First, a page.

Throughout our nation’s one-hundred-year struggle to limit the menace of psychoactive drugs, beginning with the Harrison Narcotics Act of 1914, we have continuously sought a social and legal equilibrium between maximizing individual liberty and maintaining the essential requirement of public safety and order. Along the way, we have made mistakes. We have allowed excesses and undue pendulum swings at both ends of the spectrum.  We have at times witnessed government missteps, but, far more often, we have experienced tragedy and harm produced by radical self-indulgence and human predation. We constantly strain to find just the right incremental adjustments, just the right balance to maintain both liberty and order. Clearly, our current drug-control paradigm falls far short of complete success. It is, however, like Sir Winston Churchill’s famous observation about democracy: the worst system ever devised by the wit of man—except for all the others![5] Despite the selfish and pedantic complaints from the pro-drug lobby that persist in decrying our current situation, the truth is that, given the state of human nature and the profound allure of pharmacological “pleasure,” all of the activists’ novel alternatives are either politically unfeasible or dangerously irresponsible. The unintended consequences of their simplistic and irrational “solutions” would produce overwhelming social and economic costs, especially to society’s most vulnerable and innocent.

Our current drug-control policies and laws are the direct evolution and reflection of a careful understanding of humankind’s history with illicit substances and a rational assessment of man’s neurobiological and moral nature. Like Judge Learned Hand’s description of law itself, they are akin to “a monument slowly raised, like a coral reef, from the minute accretions of past individual decisions.”[6] And, notwithstanding the great challenges we still face, those laws and policies have been, given the possible alternatives, extraordinarily successful at keeping illegal drugs beyond the mainstream. Our balanced approach, combining both supply and demand reduction efforts, recognizes the need for and the efficacy of comprehensively investing in enforcement, prevention, and treatment—the tough and compassionate model conceived and implemented by Richard Nixon. Rather than initiating a drug “war,” Nixon pioneered the investments in drug education and treatment programs that, today, are funded at approximately the same level as enforcement measures. And just as with the supply reduction component of our approach, the demand reduction measures we deliver are only partially and sporadically effective; however, they’re categorically better than any alternative. Critics of the current arrangement would do well to think analytically and rationally about the truths of illegal drug use and its nexus to crime and squalor, rather than engaging in the ceaseless and thoughtless parroting of slogans and myths.

The success of our drug policies—emulated throughout the world—is demonstrated by the long-term reductions in the rates of illegal drug use in the United States. The percentage of persons aged twelve and older in the United States who used an illegal drug in the past thirty days has decreased 38 percent from its peak in 1979, where over 14 percent of Americans were consuming one or more illicit drugs, to less than 9 percent today.[7] Characterizing this as a “failure” is not only wrong, it intends to grossly mislead and hoodwink a sometimes all too-susceptible public. To completely scrap our current laws and policies based only upon blind hope and sentimental audacity in order to alleviate the putative harms done by our prohibition of illegal drugs would not simply be reckless, it would be suicidal. Especially since it would be done on behalf of the mere 9 percent of our population who seek unimpeded forms of self-gratification, leaving the vast majority of us, in the words of Russell Kirk, “to rake from the ashes what scorched fragments of civilization escape the conflagration of unchecked will and appetite.”[8]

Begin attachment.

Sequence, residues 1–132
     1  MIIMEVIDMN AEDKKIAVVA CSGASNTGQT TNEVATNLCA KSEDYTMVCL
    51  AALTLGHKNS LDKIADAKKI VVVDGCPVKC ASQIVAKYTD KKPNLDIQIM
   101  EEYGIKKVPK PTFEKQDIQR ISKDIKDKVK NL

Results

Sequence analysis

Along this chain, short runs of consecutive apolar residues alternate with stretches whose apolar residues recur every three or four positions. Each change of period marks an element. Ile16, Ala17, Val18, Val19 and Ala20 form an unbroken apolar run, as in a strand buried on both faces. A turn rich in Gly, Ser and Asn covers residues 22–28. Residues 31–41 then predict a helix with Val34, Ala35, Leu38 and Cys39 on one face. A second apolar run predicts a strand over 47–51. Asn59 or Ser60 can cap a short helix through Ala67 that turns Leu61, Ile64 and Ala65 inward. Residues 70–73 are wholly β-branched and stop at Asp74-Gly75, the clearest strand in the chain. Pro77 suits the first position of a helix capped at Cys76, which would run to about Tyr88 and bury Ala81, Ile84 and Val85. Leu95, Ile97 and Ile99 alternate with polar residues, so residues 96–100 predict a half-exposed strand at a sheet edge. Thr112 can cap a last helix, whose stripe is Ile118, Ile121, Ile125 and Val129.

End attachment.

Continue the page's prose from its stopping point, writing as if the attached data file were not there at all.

This book is not intended to provide a specific set of policy recommendations designed to chart a pioneering way forward in our struggle against illegal drugs. Rather, it is intended to illustrate the complexities of the problem; complexities that do not lend themselves to clever, superficial, external fixes that, usually derived from preexisting ideologies, reflect theories that many want to believe in, or worse, reflect theories that echo a veiled contempt against the very authority that allows the critics to bask in their own moral luxury of condemnation, while taking for granted the security that the very object of their contempt provides them.

Ultimately, the crisis of dope is one that is deeply rooted in the character of man and, therefore, will require a citizenry that is not only committed to self-control, civility, and mutual restraint, but also unafraid to confront those among us who infect and rot our nation from within. It will require a population willing to defy the ubiquitous social and political pressures that sponsor a kind of cultural and ethical relativism that promotes lifestyles unrestrained by moral codes and the law. And, lastly, it will necessitate the reminding of our people—often—that freedom is important not only for doing what we want but also, and especially, for doing what we ought, as Lord Acton so eloquently instructed.[9]